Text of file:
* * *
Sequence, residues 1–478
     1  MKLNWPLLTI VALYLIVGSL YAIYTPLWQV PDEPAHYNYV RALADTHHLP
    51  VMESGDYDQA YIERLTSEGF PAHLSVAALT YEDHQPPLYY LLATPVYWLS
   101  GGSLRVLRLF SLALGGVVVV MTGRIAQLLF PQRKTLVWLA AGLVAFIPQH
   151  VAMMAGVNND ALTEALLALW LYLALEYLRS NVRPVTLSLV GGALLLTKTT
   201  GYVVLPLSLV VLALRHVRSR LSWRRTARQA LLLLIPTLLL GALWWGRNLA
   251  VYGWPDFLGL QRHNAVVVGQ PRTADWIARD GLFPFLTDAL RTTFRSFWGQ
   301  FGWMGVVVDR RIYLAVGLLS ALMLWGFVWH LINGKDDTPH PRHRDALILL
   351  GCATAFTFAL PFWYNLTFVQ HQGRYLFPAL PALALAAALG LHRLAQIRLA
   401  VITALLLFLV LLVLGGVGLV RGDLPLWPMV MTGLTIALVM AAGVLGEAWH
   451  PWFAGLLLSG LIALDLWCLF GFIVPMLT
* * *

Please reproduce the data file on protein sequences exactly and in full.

Sequence, residues 1–478
     1  MKLNWPLLTI VALYLIVGSL YAIYTPLWQV PDEPAHYNYV RALADTHHLP
    51  VMESGDYDQA YIERLTSEGF PAHLSVAALT YEDHQPPLYY LLATPVYWLS
   101  GGSLRVLRLF SLALGGVVVV MTGRIAQLLF PQRKTLVWLA AGLVAFIPQH
   151  VAMMAGVNND ALTEALLALW LYLALEYLRS NVRPVTLSLV GGALLLTKTT
   201  GYVVLPLSLV VLALRHVRSR LSWRRTARQA LLLLIPTLLL GALWWGRNLA
   251  VYGWPDFLGL QRHNAVVVGQ PRTADWIARD GLFPFLTDAL RTTFRSFWGQ
   301  FGWMGVVVDR RIYLAVGLLS ALMLWGFVWH LINGKDDTPH PRHRDALILL
   351  GCATAFTFAL PFWYNLTFVQ HQGRYLFPAL PALALAAALG LHRLAQIRLA
   401  VITALLLFLV LLVLGGVGLV RGDLPLWPMV MTGLTIALVM AAGVLGEAWH
   451  PWFAGLLLSG LIALDLWCLF GFIVPMLT